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A third of property professionals say they’re not AML compliant - research

The vast majority of property professionals would like to see HMRC act more proactively to deter money laundering, as almost a third believe their own AML compliance procedures wouldn’t stand up to scrutiny.

That’s according to findings from Credas Technologies, the anti-money laundering technology platform, in a survey of over 1,000 property professionals currently working within the industry.

It also found that less than a quarter said they utilised a professional company to handle their AML compliance. Meanwhile, over a third were unaware as to whether it was handled by a professional third party or in-house.


Given that nearly half (45%) of property professionals carry out their own AML checks, Credas argue that it is perhaps worrying that a third don’t believe their AML compliance would stand up to scrutiny by HMRC - with 13% of those to have stated so also believing it doesn’t matter as they don’t think they will ever come under fire.

Only 37% of property professionals, when asked about the importance of AML compliance in relation to other workplace goals such as performance targets and additional income opportunities, believed it was the most important. Some 23% stated that hitting their own personal performance targets was of greater importance, 14% prioritised securing additional earning opportunities such as commission on a sale, while 26% placed both factors above AML compliance in terms of importance. 

More promisingly, the research found that only 11% would intentionally turn a blind eye to AML compliance in order to hit performance targets or secure additional income opportunities, while 9% stated that they may do it unintentionally.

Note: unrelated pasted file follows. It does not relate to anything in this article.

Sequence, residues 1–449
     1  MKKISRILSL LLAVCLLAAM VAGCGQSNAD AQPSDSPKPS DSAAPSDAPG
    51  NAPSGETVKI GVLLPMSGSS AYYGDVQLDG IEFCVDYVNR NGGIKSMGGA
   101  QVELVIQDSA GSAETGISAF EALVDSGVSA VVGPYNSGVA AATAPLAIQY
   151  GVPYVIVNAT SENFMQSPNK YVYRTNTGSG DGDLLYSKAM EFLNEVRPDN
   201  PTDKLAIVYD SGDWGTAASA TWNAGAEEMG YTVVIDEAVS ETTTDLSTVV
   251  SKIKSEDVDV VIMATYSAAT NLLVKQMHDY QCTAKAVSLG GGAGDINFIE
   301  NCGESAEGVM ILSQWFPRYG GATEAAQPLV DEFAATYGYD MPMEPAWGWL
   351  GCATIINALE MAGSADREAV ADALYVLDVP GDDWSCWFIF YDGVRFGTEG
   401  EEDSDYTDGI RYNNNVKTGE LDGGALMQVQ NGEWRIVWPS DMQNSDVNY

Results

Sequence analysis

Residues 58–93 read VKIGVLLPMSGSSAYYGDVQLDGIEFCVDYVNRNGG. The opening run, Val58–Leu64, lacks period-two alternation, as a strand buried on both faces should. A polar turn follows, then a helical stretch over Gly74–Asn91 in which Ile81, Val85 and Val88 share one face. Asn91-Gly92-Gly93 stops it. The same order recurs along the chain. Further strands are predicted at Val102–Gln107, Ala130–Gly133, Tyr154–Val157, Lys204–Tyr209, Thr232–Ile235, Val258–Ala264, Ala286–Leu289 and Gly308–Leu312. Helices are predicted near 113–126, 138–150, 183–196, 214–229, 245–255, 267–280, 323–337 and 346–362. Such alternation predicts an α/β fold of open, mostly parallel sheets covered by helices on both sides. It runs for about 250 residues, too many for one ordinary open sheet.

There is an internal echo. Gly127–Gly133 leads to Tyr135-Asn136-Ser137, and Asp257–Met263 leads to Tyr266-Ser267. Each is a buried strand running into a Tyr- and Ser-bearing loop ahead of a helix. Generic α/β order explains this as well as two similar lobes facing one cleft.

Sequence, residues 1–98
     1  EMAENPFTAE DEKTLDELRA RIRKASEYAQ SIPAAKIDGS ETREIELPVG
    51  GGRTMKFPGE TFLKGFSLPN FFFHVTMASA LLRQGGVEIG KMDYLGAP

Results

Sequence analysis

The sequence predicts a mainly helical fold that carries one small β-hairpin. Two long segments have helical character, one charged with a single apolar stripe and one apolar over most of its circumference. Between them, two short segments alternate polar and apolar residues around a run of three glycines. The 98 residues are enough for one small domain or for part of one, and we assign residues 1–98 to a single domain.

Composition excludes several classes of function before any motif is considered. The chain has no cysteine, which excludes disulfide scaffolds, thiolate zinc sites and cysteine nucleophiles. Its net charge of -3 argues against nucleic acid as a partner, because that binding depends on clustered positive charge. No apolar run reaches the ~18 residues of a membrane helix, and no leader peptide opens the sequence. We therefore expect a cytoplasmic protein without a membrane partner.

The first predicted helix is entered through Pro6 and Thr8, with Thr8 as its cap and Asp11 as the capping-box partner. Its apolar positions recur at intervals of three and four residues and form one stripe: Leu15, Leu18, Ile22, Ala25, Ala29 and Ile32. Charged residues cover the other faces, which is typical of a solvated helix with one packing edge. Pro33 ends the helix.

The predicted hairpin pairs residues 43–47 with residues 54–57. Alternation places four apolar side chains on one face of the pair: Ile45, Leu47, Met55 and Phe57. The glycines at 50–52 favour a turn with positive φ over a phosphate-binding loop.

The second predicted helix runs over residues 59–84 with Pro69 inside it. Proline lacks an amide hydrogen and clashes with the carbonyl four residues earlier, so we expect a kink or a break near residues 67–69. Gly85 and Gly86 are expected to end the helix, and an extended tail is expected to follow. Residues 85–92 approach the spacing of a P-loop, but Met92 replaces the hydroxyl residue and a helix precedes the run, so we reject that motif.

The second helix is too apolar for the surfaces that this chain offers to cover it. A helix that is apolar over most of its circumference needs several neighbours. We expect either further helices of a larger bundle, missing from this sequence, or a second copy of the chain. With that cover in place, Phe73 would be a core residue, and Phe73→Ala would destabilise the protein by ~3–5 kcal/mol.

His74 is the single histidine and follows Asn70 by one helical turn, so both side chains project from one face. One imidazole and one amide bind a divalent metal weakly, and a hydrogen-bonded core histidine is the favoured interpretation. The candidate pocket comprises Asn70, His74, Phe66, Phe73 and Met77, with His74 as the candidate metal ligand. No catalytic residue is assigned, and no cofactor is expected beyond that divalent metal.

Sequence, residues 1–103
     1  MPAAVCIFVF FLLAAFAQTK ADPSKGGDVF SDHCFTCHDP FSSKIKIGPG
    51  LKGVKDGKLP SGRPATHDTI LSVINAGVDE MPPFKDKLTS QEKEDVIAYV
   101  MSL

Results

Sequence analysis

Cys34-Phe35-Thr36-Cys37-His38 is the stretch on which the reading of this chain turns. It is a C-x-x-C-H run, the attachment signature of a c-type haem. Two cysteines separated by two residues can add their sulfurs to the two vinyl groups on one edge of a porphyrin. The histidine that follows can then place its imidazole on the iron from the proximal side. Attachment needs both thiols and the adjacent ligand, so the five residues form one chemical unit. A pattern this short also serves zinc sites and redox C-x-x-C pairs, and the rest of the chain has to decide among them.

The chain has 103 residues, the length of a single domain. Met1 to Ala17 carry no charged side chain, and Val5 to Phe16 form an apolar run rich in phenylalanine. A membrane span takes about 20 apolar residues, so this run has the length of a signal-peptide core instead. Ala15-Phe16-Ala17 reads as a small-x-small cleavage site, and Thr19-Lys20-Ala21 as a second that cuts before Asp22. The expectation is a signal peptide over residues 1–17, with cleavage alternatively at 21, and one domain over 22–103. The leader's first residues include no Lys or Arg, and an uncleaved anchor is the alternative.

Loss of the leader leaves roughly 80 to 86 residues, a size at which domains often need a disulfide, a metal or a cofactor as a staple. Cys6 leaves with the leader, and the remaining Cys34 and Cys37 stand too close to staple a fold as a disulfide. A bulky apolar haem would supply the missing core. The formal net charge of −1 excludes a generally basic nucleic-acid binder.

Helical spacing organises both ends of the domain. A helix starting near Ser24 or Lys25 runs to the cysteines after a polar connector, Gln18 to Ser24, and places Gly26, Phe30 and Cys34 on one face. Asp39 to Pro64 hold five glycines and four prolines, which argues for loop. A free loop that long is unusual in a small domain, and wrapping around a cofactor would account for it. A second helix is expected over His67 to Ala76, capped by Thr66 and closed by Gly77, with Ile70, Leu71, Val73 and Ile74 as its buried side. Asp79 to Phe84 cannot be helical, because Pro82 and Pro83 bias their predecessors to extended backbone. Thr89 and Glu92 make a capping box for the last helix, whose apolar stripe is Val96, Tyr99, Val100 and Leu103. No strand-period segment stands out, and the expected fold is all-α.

Only 11% of respondents said that with the cost of living increasing across the UK, a strain on personal finances may cause them to turn a blind eye to AML compliance in order to improve their own financial situation.

Credas says this pro-AML attitude from the industry suggests that operational strain is a far bigger factor when it comes to remaining completely AML compliant.

While most professionals might not view it as the most important thing, when asked about their attitudes towards AML, 44% believed they are the frontline in the fight against it, 43% think it’s a pain but appreciate why they need to do it, while just 12% don’t believe it should be their problem.

Further good news comes in the form of three quarters of property professionals having had some form of training when it comes to spotting potential money laundering warning signs. However, only 16% said this training was given by a professional AML company.

The vast majority of property professionals want to see more done to stop money laundering with 87% believing AML checks should be a legal requirement for homebuyers and sellers before they are even allowed to submit an offer or instruct an agent.

Meanwhile, nine in ten (90%) would also like to see HMRC be more proactive in helping the industry rather than ‘clamping down’ simply by issuing fines for non-compliance.

“There’s no doubt that the property industry is still finding its feet when it comes to complete AML compliance and it's telling that nearly a third of professionals within the sector don’t believe their AML compliance procedures would stand up to scrutiny from HMRC,” Tim Barnett, CEO of Credas Technologies, said.

However, it’s fair to say that this is down to a lack of resources rather than an anti-AML attitude, with many struggling under the workplace pressures caused by the pandemic property market boom.”

He said the in-house execution of AML checks ‘is no doubt adding’ to this workload and, when coupled with the sporadic level of training with regard to spotting money laundering warning signs, claimed that it’s hardly surprising the industry is crying out for help.

“The good news is that the majority of property professionals realise the important role they play in preventing money laundering via the sector and they would like to see more done to help them win this fight,” Barnett added.

“Unfortunately, this help is unlikely to come from HMRC or any legislative changes with regard to how buyers and sellers are qualified before they can enter the market, so utilising the help of an AML professional is the best way to reduce the burden and increase your AML effectiveness.”


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